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In her blog post introducing Blog Overflow, the estimable Rebecca Chernoff committed the following, uh, sentence:

Have someone driving the reigns.

After cringing (read: screaming in pain) and posting a comment to gently point out the error (read: ranting and raving), I started having second thoughts. Clearly, Rebecca knows how to write. Clearly, she knows what reign means, and that reins are the agents, not the objects, of driving. So maybe this is a deliberate mistake, something along the lines of "Six degrees of Kevin Bacon" or (somewhat controversially) "Could care less".

Is this/can this be interpreted as a deliberate mashup of "holding the reins" and "driving the car" and "reigning"?

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Sounds like a mixed metaphor to me, which is definitely a device that is used as humor (sometimes), though I wouldn't compare it to "could care less" as I'm not sure that's ever really funny as a result of purposeful intent. I've heard mixed metaphors such as "skating on hot water". – NickC Jun 24 '11 at 1:04
This reminds me of one of the most tooth-grinding-inducing misspellings that I know of: "reign in spending". – JeffSahol Jun 24 '11 at 17:22
up vote 3 down vote accepted

I don't believe this is a deliberate mistake, because Rebecca Chernoff corrected her blog:

•Have someone holding the reins. This person doesn’t need to be the one writing all the posts, just someone that helps coordinate who is writing what and when it is getting posted.

In short, I think it was a typo!

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+1 Just noticed this myself. Although I can see "driving the reigns" catching on, now :) – NickC Jun 24 '11 at 1:08
Oh, dear. What have I started? – Marthaª Jun 24 '11 at 1:35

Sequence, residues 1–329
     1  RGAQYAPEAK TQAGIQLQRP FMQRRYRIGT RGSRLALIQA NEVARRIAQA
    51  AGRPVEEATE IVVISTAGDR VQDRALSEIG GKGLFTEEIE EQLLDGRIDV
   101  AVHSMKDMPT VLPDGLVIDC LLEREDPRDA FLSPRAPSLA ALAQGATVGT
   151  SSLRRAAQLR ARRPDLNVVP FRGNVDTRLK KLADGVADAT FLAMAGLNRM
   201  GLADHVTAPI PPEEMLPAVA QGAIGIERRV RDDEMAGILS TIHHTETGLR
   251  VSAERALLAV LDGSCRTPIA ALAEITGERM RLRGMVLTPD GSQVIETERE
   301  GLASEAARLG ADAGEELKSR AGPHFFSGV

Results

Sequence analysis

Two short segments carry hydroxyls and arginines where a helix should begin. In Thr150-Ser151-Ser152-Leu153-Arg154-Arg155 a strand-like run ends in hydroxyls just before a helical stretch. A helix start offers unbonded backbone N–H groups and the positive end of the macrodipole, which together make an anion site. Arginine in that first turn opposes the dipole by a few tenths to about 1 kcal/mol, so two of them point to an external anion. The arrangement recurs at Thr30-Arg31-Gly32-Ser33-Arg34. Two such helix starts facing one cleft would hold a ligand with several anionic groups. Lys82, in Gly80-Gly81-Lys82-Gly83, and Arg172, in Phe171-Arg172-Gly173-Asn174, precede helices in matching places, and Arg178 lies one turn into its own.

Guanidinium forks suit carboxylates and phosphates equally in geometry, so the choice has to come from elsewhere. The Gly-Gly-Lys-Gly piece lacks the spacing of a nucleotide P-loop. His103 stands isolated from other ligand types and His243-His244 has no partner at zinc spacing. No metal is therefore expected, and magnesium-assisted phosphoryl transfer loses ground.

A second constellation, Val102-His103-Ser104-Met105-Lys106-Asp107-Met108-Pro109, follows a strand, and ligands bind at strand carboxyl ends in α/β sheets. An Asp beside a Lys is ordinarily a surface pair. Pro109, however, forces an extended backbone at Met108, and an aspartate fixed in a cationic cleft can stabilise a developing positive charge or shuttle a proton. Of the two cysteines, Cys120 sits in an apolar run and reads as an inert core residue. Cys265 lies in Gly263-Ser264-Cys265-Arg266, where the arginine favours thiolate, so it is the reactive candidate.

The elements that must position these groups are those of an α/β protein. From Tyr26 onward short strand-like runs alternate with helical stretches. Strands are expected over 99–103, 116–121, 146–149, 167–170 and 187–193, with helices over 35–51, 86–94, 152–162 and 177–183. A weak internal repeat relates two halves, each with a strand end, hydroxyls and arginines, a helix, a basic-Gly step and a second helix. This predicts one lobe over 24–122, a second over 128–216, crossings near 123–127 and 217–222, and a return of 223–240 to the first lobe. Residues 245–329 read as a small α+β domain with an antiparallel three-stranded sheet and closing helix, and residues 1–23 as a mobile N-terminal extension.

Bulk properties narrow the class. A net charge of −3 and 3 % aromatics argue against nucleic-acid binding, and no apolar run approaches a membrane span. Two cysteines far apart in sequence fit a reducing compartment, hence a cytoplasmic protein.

Never mind, at least you gave me information regarding the blogs... – Thursagen Jun 24 '11 at 3:16

While I am not privy to the author's state of mind, my guess would be that the awkwardly mixed metaphor was deliberate and the misspelling was a momentary lapse. It happens to the best of us -- I used "your" for "you're" for the very first time in my life (and I've been writing for about forty-seven years now) three days ago, on the public intarwebs, in a non-editable context and with my real name attached for posterity.

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Your kidding! How embarrassing. ;) – NickC Jun 24 '11 at 1:08
@Renesis: I really should thwack you, but (a) it's not, technically, a pun, and (b) I'm laughing too hard to grab the ruler. :D – Marthaª Jun 24 '11 at 1:34
@Martha - you disapprove of paronomasiacs? We really can't help it, you know, and there are know known drugs that don't make our condition worse. We especially transcend dental medication. – bye Jun 24 '11 at 1:52
@Stan, see, now that gets a resounding THWACK!!! – Marthaª Jun 24 '11 at 2:08
Geez, Louise, another slip. "Know" for "no". Dementia isn't as much fun as they said it would be in the brochure. I wouldn't mind if I couldn't notice it... – bye Jun 24 '11 at 2:11

Mixed (or inverted) metaphors are sometimes used for emphasis. For instance, instead of saying "The early bird catches the worm," a colleague once raised eyebrows by saying "The early worm catches the bird."

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